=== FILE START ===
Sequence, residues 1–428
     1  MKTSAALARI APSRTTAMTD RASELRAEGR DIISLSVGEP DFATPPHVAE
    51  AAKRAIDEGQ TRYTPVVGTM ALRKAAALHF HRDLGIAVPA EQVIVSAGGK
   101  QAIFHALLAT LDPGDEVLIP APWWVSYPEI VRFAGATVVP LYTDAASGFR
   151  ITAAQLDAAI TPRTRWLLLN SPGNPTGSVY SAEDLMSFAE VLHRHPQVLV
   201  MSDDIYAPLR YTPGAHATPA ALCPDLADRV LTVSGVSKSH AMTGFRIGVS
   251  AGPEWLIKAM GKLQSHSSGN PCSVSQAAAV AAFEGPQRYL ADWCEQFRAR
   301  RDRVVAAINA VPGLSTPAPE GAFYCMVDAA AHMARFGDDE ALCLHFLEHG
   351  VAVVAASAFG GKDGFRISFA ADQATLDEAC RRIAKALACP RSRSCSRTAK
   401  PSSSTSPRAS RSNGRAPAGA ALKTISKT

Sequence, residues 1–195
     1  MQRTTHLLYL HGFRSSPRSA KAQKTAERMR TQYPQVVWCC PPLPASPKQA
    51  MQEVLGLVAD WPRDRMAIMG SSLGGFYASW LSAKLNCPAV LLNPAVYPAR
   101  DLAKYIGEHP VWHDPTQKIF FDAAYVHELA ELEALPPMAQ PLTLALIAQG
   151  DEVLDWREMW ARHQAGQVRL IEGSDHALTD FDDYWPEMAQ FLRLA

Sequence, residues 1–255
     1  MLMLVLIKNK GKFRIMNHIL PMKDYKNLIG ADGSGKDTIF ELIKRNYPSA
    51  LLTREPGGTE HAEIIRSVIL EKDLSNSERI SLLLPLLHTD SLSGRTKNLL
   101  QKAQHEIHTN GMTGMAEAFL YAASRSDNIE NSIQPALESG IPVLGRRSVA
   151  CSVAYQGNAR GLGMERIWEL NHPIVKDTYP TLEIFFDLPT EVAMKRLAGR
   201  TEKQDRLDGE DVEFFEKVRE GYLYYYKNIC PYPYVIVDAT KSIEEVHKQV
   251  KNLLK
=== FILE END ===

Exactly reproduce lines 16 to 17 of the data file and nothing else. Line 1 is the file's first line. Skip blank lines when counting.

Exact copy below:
Sequence, residues 1–255
     1  MLMLVLIKNK GKFRIMNHIL PMKDYKNLIG ADGSGKDTIF ELIKRNYPSA